Five players who saw their fantasy basketball stock increase for 2023-24

The fantasy basketball season is still a long way off, but the NBA Playoffs are a chance to see how players perform on the brightest stage. In the last playoffs, the public witnessed the meteoric rise of Jalen Brunson as he transformed his phenomenal run through the Western Conference Finals into becoming the Knicks’ franchise point guard. I doubt we’ll see any players increase in value This many in the playoffs, but a handful of players stood out for their performances on the field. Here are five risers from the 2023 NBA Playoffs.

Devin Booker, Phoenix Suns

Booker was arguably the best player during his 11-game playoff streak. He went ballistic, averaging 33.7 points per game in the playoffs, as well as 4.8 rebounds, 7.2 assists, 2.8 threes, 1.7 steals, 0.8 blocks and 59/87. /51 separate shots.

His game has gone to another level, posting 55.0 Fantasy points per contest compared to 42.7 in the regular season – but with such an influx in Phoenix right now, can Fantasy managers trust Booker in 2023-24? ?

The answer is yes.

Booker underperformed against his ADP last season, but the Suns have many looming concerns. Chris PaulThe 38-year-old is in the twilight of his Hall of Fame career and is also coming off his worst NBA season since his rookie year. His contract is partially guaranteed, so I bet he stays while the Suns actively try to offload their disgruntled star, Deandre Ayton. Paul’s decline and Ayton’s inevitable departure will only make Booker more useful.

New Suns head coach Frank Vogel isn’t known for his creative genius offensively, but he’s used to letting his stars run the show (like his stint with the Lakers, james lebron And Anthony Davis in 2020). Sure, it’s all gone south in Los Angeles after their Bubble Championship, but Vogel’s offense will undoubtedly come through Booker and Kevin Durant.

Booker has proven he can thrive alongside KD by posting slightly better numbers with him in the lineup than without. This was a small sample size, but:

-8 games with KD: 28.5 points, 6.9 assists, 4.3 rebounds, 1.4 steals – 49/32/86 intermediate shots

-45 games without KD: 27.6 points, 5.3 assists, 4.6 rebounds, 0.9 steals – 49/36/86

His 31st result in 9-tier leagues this year puts him as a third-round player, but given the situation and play throughout this post-season, Booker is a top second-round pick for me in 2023- 24.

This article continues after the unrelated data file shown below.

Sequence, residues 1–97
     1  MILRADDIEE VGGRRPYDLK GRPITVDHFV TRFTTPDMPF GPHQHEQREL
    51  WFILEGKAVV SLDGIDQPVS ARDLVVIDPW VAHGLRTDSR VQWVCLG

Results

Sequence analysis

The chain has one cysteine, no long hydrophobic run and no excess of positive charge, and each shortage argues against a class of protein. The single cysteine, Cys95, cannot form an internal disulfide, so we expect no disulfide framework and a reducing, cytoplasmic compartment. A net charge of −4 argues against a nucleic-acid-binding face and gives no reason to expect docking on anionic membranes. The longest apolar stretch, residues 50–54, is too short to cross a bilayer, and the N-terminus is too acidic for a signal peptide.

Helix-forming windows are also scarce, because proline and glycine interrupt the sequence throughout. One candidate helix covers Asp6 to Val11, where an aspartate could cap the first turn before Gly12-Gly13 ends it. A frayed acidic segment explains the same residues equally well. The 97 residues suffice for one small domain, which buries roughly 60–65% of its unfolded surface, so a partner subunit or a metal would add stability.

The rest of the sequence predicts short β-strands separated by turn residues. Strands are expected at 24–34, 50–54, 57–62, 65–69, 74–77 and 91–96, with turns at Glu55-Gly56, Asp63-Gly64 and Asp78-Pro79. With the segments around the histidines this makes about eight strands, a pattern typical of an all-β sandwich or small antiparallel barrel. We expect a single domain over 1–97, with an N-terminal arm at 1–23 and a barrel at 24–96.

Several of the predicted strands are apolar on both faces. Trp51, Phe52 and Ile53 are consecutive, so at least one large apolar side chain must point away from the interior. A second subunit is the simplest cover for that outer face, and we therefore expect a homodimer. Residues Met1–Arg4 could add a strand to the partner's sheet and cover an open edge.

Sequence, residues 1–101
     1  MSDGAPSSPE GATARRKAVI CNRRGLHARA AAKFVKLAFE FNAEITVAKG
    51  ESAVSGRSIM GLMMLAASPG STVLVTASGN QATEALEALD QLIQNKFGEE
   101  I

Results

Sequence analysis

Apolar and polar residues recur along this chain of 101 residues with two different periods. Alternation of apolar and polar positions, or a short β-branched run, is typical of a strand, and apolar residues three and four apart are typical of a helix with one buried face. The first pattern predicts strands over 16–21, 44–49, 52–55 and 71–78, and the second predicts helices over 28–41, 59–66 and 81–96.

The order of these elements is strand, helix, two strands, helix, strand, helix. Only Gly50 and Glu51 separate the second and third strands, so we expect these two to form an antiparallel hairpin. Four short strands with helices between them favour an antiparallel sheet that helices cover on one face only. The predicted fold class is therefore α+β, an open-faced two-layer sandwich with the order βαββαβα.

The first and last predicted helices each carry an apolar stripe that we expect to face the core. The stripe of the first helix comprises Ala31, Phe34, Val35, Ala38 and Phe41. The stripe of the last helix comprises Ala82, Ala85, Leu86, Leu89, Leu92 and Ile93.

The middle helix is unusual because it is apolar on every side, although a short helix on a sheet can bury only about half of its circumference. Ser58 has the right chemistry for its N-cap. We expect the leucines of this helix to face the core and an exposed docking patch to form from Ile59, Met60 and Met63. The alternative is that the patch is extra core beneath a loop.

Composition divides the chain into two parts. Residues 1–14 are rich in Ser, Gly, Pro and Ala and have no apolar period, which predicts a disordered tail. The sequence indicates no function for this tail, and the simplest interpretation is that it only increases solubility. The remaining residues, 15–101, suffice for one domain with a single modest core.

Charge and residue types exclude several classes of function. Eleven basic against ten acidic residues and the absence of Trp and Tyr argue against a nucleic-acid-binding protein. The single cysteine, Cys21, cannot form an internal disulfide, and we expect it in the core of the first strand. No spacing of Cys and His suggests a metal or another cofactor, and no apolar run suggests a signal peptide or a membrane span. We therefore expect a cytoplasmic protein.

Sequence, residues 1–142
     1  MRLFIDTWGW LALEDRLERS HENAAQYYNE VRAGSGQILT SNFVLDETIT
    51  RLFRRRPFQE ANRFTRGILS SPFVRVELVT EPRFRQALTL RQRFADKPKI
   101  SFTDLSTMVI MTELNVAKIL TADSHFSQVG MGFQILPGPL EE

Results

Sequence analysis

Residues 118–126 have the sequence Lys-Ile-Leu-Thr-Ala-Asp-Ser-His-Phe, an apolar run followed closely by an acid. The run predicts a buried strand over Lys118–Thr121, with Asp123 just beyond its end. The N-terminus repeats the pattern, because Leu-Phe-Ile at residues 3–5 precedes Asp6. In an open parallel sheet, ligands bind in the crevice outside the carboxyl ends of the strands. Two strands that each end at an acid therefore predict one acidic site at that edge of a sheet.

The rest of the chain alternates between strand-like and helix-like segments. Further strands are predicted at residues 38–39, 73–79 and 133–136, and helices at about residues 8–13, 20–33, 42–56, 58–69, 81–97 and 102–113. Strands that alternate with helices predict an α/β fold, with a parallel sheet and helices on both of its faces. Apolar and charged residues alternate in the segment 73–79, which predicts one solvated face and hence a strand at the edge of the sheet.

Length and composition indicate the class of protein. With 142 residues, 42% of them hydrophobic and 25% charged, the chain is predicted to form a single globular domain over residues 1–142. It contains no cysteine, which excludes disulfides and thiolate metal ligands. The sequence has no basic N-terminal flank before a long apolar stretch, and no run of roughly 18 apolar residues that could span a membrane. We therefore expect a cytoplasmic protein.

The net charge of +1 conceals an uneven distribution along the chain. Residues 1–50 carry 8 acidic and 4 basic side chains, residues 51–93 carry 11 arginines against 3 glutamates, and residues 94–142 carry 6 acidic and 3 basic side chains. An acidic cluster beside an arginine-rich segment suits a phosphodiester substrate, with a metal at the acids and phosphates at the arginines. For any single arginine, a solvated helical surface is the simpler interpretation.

Jimmy Butler, Miami Heat

Countless moments throughout the playoffs redefined Jimmy Butler as Himmy Butler. He surpassed his ADP of 30 this season, finishing 11th in the leagues of 9 cats after achieving his most efficient season yet. That consistency carried over into the playoffs and then more. Butler led the underdog Heat through a tough gauntlet of opponents (Bucks, Knicks and Celtics) to the NBA Finals.

After going nuclear on the Bucks in the first round averaging a crazy 37.6 ppg, his scoring has come back down to earth a bit, averaging 23.5 ppg since the conference quarterfinals. Despite that slump, he’s been one of the more eye-catching players when the game is on the line, blocking D (leader in total playoff steals) and continually putting his teammates in position to succeed.

He’s certainly helped his fantastic stock in this historic playoff run, but how far will he go in next season’s draft?

Expecting him to replicate a top 12 is a bit rich, but he should be a second-round pick who could fall in the third round due to his age and load-handling risks – even if he played 64 games last season.

Jamal Murray, Denver Nuggets

Murray’s playoff rise is up there with the likes of Jimmy Butler, Devin Booker and Nikola Jokic. Murray became a different breed from the start of the playoffs. His last playoff performance in the 2020 bubble was memorable, but he upped it in 2023.

He finished the regular season averaging 20.0 points, 6.2 assists, 4.0 rebounds, 2.6 threes, 1.0 steals, and 45/40/83 separate shots. In 17 games this postseason, he improved to 27.0 points, 6.6 assists, 5.4 rebounds, 3.1 triples, 1.6 steals and 48/39/93 separate shots.

It’s disgusting.

Murray surpassed his ADP of 76 in preseason, finishing 52nd in the 9-cat leagues. He and Jokić are quickly becoming one of the best duos in the NBA, and after playing 65 games this year, his draft stock is set to explode next season.